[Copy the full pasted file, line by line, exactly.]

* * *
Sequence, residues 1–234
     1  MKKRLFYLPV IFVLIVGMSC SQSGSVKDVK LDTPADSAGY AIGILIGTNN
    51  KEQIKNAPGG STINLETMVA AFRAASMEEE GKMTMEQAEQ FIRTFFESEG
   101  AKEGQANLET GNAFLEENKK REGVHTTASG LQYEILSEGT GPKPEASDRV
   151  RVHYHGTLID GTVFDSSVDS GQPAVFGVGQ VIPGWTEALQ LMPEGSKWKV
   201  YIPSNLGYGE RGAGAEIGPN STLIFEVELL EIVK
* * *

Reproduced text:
Sequence, residues 1–234
     1  MKKRLFYLPV IFVLIVGMSC SQSGSVKDVK LDTPADSAGY AIGILIGTNN
    51  KEQIKNAPGG STINLETMVA AFRAASMEEE GKMTMEQAEQ FIRTFFESEG
   101  AKEGQANLET GNAFLEENKK REGVHTTASG LQYEILSEGT GPKPEASDRV
   151  RVHYHGTLID GTVFDSSVDS GQPAVFGVGQ VIPGWTEALQ LMPEGSKWKV
   201  YIPSNLGYGE RGAGAEIGPN STLIFEVELL EIVK